2015 is a big year for Robert Zemeckis. It's the 30th anniversary of his all-time classic Back to the Future. On October 21st, the film's fans will gather for a marathon viewing of the entire trilogy on the very day Marty McFly and Doc Brown traveled to in Back to the Future Part II.
Yes, we're as far in time from 1985 as Marty and Doc were from the Enchantment Under the Sea dance. The Zemeckis of 1985 couldn't have known he was making an enduring masterpiece, but he would no doubt have been pleased to know that when 2015 rolled around, he would have a new movie he wrote, directed, and produced in theaters, and it would be a good one.
The story behind The Walk has been told onscreen before, in James Marsh's 2008 documentary Man on Wire. In 1974, Philippe Petit, a French mime, street performer, and high-wire obsessive, read an article about the 110-story twin towers of the World Trade Center that were about to be completed in Manhattan. The Parisian became obsessed with the idea of performing a tightrope walk between the towers, which would not only be the highest tightrope walk in history, but, as they were the tallest buildings in the world, the highest tightrope walk possible. Neither the fact that the towers were on another continent, nor that the whole enterprise was both absurdly illegal and almost certainly suicidal, could deter Petit from his dream. Such was his confidence that he was the only person who wasn't surprised when he pulled it off.
In Zemeckis' version of the story, Joseph Gordon-Levitt has the unenviable task of playing Petit. I say "unenviable" because playing the larger-than-life Frenchman means being saddled with an out-a-rage-ous accent for The Walk's two-hour running time. Even worse, Zemeckis, like the documentary director Marsh, chose to allow Petit to narrate. In Marsh's case, that means letting the interviewee tell his own story from the safety of the ground. But the fictionalized Petit narrates from a precarious perch atop the torch of the Statue of Liberty.
If this sounds eye-rollingly cheesy to you, you're right. It is cheesy. And yet, Zemeckis somehow makes it work. If Petit was a fictional character, he would have to be toned down to be believable. But he's real, and Gordon-Levitt plays him fairly straight. Post-Forrest Gump Zemeckis has often tumbled over into the too-precious abyss, but Petit's natural outlandishness has the perverse effect of grounding the director.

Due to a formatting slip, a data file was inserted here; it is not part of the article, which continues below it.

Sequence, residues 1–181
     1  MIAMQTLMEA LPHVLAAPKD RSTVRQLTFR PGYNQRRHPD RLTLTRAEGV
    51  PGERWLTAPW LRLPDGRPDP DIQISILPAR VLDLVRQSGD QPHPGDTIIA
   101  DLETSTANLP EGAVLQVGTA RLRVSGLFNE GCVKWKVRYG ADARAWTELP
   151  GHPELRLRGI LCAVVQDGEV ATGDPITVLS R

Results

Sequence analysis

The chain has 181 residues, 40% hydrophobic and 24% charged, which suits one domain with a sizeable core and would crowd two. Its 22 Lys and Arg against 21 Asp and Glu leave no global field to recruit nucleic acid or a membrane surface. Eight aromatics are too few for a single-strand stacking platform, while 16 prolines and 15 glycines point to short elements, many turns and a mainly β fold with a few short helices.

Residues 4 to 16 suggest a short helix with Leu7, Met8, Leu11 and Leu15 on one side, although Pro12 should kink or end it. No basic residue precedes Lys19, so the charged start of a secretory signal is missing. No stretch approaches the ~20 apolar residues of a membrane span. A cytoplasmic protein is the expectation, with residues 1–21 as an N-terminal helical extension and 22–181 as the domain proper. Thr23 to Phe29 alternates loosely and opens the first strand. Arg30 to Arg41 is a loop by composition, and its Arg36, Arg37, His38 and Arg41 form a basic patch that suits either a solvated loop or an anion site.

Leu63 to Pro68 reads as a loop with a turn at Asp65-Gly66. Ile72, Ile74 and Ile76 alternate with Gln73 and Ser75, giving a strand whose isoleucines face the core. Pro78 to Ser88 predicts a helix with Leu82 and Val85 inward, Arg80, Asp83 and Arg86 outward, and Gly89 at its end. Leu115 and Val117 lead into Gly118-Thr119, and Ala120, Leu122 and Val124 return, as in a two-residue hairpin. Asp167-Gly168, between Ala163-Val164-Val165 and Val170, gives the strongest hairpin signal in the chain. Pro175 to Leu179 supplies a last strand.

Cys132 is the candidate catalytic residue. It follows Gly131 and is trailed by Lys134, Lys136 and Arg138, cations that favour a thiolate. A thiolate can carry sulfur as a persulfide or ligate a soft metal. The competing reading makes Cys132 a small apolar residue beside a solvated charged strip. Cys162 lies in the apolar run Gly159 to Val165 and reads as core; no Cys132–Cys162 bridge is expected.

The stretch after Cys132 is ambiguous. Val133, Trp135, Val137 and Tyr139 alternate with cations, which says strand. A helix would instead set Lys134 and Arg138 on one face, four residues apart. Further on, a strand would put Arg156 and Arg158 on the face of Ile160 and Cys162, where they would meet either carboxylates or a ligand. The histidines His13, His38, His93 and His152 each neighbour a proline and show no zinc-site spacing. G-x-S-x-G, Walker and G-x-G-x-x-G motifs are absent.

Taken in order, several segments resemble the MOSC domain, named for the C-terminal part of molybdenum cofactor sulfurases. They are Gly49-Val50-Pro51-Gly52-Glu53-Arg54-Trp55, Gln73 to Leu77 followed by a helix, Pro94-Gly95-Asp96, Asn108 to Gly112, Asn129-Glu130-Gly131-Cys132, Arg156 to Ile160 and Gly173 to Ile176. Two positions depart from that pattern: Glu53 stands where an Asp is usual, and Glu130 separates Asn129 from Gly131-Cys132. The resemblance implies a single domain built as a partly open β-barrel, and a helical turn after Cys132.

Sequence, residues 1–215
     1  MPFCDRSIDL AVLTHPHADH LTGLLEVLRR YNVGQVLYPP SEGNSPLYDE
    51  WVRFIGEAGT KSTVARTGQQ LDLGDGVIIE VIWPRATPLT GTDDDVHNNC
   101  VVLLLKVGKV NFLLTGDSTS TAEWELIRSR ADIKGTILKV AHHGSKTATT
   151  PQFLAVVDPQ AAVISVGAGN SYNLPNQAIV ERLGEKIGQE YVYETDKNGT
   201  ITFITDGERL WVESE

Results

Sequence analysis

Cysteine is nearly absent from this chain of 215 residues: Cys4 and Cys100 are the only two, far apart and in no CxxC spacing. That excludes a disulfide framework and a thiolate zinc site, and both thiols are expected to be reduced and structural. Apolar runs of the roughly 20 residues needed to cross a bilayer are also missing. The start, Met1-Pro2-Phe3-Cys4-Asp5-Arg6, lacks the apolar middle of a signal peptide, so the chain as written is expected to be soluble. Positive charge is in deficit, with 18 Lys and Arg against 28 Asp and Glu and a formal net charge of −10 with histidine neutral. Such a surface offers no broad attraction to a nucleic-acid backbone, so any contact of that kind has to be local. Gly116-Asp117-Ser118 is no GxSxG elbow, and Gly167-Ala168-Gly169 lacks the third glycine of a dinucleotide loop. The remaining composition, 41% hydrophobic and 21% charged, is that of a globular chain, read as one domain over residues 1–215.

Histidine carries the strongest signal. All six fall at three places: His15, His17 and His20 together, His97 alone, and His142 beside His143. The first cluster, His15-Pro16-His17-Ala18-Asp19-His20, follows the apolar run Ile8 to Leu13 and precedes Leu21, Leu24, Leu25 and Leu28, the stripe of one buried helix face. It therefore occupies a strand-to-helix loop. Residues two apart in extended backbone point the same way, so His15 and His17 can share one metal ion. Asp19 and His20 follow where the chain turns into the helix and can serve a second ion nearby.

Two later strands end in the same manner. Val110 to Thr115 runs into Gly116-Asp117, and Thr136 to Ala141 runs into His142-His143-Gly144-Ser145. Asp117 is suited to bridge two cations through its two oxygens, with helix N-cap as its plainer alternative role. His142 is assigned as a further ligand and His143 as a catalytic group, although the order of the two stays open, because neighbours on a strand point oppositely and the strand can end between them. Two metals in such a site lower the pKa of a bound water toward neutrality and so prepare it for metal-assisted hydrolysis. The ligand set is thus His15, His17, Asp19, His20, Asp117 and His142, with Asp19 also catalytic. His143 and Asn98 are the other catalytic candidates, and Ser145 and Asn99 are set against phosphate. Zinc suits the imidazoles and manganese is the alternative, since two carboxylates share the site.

The visuals, on the other hand, are far from grounded. Zemeckis has made a career of being perched on the cutting edge of film technology, from digitally compositing Forrest Gump into real historical footage to the early CGI animation of The Polar Express. In The Walk, he makes one of the few convincing arguments for 3-D I've seen. It's usually just a ticket-price-inflating gimmick—does anyone really think the sweeping vistas of Lawrence of Arabia would be better in 3-D? But the story of the crazy guy who walked a tightrope 1,377 feet above Manhattan is absolutely the right subject matter for stereoscopic photography. Zemeckis has great fun manipulating the viewer's depth perception, especially once Petit steps out onto the highest of wires. Combined with the flawless, photorealistic CGI, he makes The Walk a completely immersive experience. Since he's the narrator, you know Petit is going to make it across unharmed, but it's still a sphincter-clinching journey. If you're prone to vertigo, you should sit this one out. But for the rest of us, The Walk is a movie best experienced from the edge of a theater seat.